ACT Corrections Minister Mick Gentleman will face a motion of no-confidence following a series of incidents that have plagued Canberra's troubled corrections system.
The opposition said it would move the motion after what it described as a "litany of failures" under Mr Gentleman's leadership.
It follows the dramatic escape of a prisoner last month, where a Toyota Camry corrections car was rammed multiple times before the prisoner inside fled.
In the same month, a prisoner was also mistakenly released from the Alexander Maconochie Centre.
And in November last year there was a serious riot at the Alexander Maconochie Centre that resulted in a $5.7 million repair bill.
But problems have plagued the jail long before Mr Gentleman became the responsible minister.
In early 2019, a scathing review from the territory's Inspector of Correctional Services found overcrowding at the jail could lead to breaches of human rights for both inmates and staff.
Mr Gentleman became corrections minister in November after the ACT election. The position was previously held by Shane Rattenbury, who is now the territory's attorney-general.
The Canberra Times understands the opposition will give notice of the no-confidence motion to Speaker Joy Burch early on Tuesday morning.
Under the ACT Legislative Assembly's standing orders, a member does not need to give the speaker a copy of the motion until 90 minutes before the motion is expected to be moved.
The motion will be moved by the opposition's corrections spokeswoman Elizabeth Kikkert, who accused Mr Gentleman of overseeing a system "riddled with unprecedented disasters".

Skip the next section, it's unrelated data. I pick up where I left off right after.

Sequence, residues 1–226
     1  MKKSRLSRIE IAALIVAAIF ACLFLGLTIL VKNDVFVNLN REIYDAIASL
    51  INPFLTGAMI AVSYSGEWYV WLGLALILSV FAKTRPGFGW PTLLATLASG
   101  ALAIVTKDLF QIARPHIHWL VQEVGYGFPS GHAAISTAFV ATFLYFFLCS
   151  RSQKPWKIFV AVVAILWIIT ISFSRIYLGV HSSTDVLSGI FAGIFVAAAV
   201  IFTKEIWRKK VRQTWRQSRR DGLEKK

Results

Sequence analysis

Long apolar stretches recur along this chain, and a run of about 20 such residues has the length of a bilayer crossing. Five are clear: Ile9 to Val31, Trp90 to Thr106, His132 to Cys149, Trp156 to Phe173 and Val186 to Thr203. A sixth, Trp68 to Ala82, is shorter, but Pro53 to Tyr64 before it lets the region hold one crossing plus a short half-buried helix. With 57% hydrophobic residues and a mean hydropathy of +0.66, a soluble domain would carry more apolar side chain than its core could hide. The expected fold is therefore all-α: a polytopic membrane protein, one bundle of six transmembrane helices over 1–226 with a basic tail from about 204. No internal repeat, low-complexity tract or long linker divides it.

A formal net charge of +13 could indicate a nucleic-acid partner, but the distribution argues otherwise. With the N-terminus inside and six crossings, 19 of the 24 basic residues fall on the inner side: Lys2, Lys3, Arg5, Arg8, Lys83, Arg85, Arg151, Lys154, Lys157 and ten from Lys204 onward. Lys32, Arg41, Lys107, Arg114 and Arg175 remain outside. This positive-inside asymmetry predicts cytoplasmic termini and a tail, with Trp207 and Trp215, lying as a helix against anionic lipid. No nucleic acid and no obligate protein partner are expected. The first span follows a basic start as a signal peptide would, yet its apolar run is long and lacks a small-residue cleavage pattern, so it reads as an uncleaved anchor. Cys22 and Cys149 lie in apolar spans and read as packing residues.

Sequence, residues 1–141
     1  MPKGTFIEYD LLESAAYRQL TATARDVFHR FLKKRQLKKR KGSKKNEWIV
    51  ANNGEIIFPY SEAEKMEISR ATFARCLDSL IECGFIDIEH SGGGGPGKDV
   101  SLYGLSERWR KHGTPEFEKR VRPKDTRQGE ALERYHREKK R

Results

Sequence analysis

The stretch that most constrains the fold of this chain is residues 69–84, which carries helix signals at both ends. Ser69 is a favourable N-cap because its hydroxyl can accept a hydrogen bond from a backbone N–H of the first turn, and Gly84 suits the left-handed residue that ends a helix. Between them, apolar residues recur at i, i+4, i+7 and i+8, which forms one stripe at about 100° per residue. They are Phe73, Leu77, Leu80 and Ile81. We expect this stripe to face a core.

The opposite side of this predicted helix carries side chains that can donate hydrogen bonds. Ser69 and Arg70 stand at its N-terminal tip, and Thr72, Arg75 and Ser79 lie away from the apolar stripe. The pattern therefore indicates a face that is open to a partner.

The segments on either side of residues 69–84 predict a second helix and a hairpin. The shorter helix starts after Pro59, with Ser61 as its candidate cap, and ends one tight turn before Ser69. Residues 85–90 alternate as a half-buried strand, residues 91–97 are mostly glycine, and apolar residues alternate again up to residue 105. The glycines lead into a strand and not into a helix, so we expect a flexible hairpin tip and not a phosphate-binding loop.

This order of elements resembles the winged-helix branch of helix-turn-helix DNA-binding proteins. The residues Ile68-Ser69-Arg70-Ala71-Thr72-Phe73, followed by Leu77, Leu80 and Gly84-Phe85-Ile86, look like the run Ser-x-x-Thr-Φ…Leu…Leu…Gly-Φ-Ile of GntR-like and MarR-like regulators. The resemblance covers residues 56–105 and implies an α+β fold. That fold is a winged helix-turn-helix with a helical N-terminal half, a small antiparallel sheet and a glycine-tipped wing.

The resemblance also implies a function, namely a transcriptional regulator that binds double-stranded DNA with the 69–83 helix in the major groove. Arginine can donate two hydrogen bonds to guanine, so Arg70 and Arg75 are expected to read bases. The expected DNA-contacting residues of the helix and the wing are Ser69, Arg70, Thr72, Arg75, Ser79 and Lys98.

"In the last month alone, we have seen the escape of a detainee through the use of extremely dangerous methods on the streets of Canberra and a prisoner mistakenly released into the community," Mrs Kikkert said in a statement provided to The Canberra Times.
"Whenever leadership is required by this minister he goes missing.
"Staff in the AMC have never face more life-threatening situations than they have under this minister.
"Staff have had to fight fires, respond to riots without effective training and were put in serious danger as were the public when using vehicles for prisoner transfers deemed unsuitable by the Inspector of Correctional Services."
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Shortly after becoming corrections minister, Mr Gentleman formed an oversight committee designed to address issues at the Alexander Maconochie Centre.
The committee, led by former Victoria police chief commissioner Christine Nixon, includes representatives from the prison, Human Rights Commission, the union and a delegate from the Aboriginal and Torres Strait Islander community.
"Members are working to develop a blueprint for change," Mr Gentleman has previously said.
"This will include an urgent focus on bringing training capabilities up-to-date and examining staffing levels and rostering to ensure staff development and wellbeing."
It is the first time in this parliamentary term that the opposition has move a no-confidence motion. During the last Assembly term, the opposition moved a number of no-confidence motions against former health minister Meegan Fitzharris, which were all unsuccessful.
Such motions often fail, as the opposition is unable to attract a majority of votes.
The Labor-Greens power-sharing agreement means the Greens can only support a no-confidence motion if there is proven corruption, conduct that threatens public confidence in the integrity of government or significant and intentional non-adherence to the agreement or ministerial code of conduct.
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